Thursday, June 29, 2006

Superman is Hercules, not Jesus, and Lois Lane is Still an Atheist

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I watched Superman Returns yesterday, and it was really fun, really exciting, except for the obnoxious stuff.

The scope has changed. It's really heavy on the philosophical, the theme being, Does the World Need Superman (a saviour)? Lois' Pulitzer-Prize-winning article had the answer, but was it written as an independant, adult mother with a family, who has moved on romantically, or as an atheist who can take the world as it really is?

Lex could have been the ultimate human hero here, the man who killed God. The Prometheus who steals fire--if he weren't so bumbling and sweet. His evil is completely charming throughout the movie. I couldn't help thinking that a better script would have really said something important about what Lex was really trying to do here. He could have had a more complex relationship with Superman, but I suppose that's the territory for Smallville, which does that brilliantly.

Superman is seen in this film as a god, and one that lives on earth without permission. He may be a sweet hunk, but he doesn't belong any more than Jesus did. Superman is seen hovering above earth like a god, listening to the many screams/prayers, like Yahweh. Indeed, Superman is Jesus, but he is the Jesus of the religious mythicist: he is Hercules, Eros, and especially Atlas. (A hoot-worthy moment, to be sure.) He is the evolved God-Man.

Of course they don't expect me to believe that Superman, created by two teenaged Jews in 1936 is Jesus, do they? (Not to mention the director, Bryan Singer, who is also Jewish, and mentions that Superman's Origin is clearly Moses.) It doesn't stop there. I won't tell you why, but Superman is also Snow White and E.T. The Extra Terrestrial. There are more nods to other films in this than Spielberg ever imagined possible. But I can't help but be charmed by the sweet actor's ability to become Christopher Reeve's shy, stuttering, glasses-pushing Clark Kent, complete with silly seventies hairdo.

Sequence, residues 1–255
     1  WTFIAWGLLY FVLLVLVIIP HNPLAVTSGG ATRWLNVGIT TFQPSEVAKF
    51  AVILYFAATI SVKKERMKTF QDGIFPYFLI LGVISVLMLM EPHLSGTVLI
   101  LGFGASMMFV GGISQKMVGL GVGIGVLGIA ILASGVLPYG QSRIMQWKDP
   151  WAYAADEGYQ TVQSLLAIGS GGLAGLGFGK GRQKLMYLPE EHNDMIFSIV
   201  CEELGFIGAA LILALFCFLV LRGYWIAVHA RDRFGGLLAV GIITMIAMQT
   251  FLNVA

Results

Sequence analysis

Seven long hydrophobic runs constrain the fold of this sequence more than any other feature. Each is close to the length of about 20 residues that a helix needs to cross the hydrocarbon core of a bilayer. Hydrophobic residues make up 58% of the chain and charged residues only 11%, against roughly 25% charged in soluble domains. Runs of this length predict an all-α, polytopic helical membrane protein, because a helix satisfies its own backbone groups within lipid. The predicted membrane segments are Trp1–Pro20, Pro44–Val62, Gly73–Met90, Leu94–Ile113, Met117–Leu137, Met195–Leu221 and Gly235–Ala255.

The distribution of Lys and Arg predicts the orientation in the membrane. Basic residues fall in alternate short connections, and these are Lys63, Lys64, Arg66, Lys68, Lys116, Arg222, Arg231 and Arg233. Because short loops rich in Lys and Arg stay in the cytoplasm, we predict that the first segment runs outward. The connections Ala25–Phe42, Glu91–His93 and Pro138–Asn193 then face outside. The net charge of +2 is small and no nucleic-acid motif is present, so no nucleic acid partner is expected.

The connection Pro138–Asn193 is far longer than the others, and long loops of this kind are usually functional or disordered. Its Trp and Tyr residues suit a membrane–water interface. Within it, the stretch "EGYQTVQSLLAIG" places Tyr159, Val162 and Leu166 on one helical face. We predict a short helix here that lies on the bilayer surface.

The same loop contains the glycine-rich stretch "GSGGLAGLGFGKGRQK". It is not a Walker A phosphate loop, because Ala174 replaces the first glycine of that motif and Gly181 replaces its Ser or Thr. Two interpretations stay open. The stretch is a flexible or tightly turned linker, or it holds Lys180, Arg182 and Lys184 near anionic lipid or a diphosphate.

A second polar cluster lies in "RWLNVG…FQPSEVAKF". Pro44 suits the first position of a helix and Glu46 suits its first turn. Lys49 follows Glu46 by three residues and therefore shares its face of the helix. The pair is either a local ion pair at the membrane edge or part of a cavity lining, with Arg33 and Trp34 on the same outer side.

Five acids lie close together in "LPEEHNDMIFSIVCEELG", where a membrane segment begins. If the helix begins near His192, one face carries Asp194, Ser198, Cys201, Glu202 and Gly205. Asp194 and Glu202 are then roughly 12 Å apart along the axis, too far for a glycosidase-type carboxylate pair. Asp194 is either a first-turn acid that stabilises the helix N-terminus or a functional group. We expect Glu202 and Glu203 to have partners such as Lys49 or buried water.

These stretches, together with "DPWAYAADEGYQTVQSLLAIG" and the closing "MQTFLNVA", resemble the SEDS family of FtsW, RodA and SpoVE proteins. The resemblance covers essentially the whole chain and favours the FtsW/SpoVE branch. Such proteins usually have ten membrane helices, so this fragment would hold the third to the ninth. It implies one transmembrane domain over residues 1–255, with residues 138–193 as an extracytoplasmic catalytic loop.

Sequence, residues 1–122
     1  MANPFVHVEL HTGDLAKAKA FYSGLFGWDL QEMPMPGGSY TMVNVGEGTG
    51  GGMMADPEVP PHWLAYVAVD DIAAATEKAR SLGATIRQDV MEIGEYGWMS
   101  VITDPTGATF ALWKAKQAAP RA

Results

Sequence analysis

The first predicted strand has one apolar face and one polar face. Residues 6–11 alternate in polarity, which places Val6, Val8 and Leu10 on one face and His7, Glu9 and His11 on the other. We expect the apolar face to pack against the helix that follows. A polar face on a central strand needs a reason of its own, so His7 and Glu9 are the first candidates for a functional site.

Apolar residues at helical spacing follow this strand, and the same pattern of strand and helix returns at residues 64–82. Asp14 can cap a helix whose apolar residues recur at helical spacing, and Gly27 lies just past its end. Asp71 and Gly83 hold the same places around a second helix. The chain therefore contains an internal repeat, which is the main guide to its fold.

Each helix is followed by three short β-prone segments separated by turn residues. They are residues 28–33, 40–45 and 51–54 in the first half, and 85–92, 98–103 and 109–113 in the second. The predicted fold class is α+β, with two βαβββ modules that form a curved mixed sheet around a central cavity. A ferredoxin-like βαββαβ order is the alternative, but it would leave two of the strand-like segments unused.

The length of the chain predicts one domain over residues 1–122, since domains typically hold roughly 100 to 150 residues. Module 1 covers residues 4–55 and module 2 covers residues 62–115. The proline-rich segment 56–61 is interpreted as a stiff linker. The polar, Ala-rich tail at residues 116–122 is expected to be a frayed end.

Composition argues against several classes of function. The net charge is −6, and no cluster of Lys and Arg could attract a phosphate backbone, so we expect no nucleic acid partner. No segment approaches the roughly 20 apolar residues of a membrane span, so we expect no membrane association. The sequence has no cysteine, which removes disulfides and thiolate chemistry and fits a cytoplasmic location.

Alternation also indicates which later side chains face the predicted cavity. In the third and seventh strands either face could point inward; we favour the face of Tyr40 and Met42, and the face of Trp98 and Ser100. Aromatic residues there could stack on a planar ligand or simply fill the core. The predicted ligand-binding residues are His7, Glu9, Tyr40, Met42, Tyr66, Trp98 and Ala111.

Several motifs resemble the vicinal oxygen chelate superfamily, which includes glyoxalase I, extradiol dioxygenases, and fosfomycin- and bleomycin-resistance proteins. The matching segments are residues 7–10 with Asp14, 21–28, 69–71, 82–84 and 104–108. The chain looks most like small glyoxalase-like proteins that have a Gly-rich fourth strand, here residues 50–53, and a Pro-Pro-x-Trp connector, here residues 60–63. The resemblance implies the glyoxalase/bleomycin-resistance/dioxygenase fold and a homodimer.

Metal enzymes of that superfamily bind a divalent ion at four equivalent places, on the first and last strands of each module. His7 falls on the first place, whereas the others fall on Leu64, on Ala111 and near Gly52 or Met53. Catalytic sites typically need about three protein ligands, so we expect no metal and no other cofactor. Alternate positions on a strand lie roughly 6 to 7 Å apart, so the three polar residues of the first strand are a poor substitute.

Does Lois Lane still need Superman? (Legally, she does, but I won't spoil it.) Well, the movie might be a tad obnoxious, but be assured, the end is not a total sellout. Just a little bit. If you still cling to Superman for nostalgia's sake, that's good enough.

But does the world need a savior? Well, of course not. Does Jesus fly in and catch people who fall off buildings? If someone did that, wouldn't it kill them, anyway? Did Jesus save the astronauts on the Space Shuttle in '86? Did Jesus stop the World Trade Center from collapsing on all those bodies? Of course not. Superman would have. Superman is not Jesus.(Superman isn't a racist end-of-the-world freak, either).

As I said out loud, in the theatre, "Superman might be a God, but he's way better than Jesus. I never heard him once mention hell, or the Apocalypse." Superman is convenient, helpful to some of the people in peril. But when Superman was chatting up Lois, how many children died? For cripe's sakes, Jesus is The God. He could have saved them all. Superman is A god, not the god. But no, Lois was right. The world has what it has, and it still exists, no Superman, and no Jesus.

Oh, yeah. Brandon Routh is totally homo-rific, whether he's gay or not. But the movie's not gay.

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